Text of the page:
woke me at seven: several quick raps on my bedroom door or perhaps on the window. I was asleep, so I wasn't exactly analyzing the sound, though my instinct was to call out something in response.
Yesterday I made a list of tasks and loaded them to my Google calendar, with reminders set to go off through the day. This because I'd spent probably five hours on Thursday sitting and staring blankly. So I tried a regimented approach: Go to the gym. Make some breakfast. Call the funeral home. Check, check, check. Take a shower. Decide which of his shirts to send to Mom. Finish all the dishes. Boil water, make tea. Fold and stow the reiki table. Pick up Randy's urn. Buy thank you cards. Make grocery list. Pay p.o. box rental. Water plants. Bake a cake for lunch tomorrow at D & B's. Finish typesetting Doug's chapbook. Answer Jan's email.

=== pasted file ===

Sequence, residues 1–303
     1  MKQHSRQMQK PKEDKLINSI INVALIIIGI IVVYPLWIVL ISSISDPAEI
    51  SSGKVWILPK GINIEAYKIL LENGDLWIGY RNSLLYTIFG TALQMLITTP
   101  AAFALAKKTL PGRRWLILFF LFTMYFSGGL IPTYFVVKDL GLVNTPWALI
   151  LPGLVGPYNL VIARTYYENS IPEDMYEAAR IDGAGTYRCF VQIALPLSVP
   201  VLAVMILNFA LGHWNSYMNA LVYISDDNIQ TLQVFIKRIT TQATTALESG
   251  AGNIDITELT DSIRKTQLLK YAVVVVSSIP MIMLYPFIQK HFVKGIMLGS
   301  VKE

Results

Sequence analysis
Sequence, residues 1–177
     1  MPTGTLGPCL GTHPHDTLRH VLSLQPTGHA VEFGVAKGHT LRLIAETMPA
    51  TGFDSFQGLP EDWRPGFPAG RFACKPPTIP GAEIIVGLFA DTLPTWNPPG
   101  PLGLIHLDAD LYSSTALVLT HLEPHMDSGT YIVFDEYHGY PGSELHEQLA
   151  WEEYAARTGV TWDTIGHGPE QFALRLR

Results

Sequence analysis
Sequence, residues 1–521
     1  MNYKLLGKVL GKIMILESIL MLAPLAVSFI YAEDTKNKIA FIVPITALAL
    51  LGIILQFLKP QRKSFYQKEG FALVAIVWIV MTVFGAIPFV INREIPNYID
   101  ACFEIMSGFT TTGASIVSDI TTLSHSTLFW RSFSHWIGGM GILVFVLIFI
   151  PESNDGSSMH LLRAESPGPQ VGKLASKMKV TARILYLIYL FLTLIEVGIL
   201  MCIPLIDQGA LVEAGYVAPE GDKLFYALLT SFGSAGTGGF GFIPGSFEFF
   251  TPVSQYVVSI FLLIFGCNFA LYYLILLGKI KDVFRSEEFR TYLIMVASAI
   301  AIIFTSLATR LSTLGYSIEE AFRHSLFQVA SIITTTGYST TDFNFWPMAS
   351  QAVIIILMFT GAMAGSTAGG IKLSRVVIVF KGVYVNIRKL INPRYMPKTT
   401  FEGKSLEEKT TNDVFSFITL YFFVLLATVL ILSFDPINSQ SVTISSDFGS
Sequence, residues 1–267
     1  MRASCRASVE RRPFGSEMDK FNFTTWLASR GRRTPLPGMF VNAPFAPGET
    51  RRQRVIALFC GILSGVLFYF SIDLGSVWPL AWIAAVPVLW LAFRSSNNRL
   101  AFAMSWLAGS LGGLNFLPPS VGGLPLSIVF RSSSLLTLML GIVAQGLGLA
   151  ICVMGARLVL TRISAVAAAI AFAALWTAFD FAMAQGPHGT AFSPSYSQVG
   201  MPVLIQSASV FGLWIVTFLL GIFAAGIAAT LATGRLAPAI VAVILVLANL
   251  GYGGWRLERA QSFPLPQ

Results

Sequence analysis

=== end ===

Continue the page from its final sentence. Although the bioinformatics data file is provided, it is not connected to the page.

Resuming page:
Somewhere between dishes and urn, it all started to get away from me. Still, I told myself I was doing fine, managing well, moving forward through the day with purpose. Hadn't cried. Stopped at the foot of the stairs and said, firmly, I love you. I forgive you. I have to keep going.
The cards cut through this stoic front and unlocked whatever mechanism I'd set against tears: a sweet, direct note from our friends down the block; a thank you from the delivery driver I'd forgotten to tip the other day (so I walked to Stein's and left him some cash in an envelope); a poignant note from an old friend and colleague at Bucknell. I wept, I shuddered, I let it out.
And then I went back to my list.
Rodney Gomez: A Short Tablature of Loss
5 weeks ago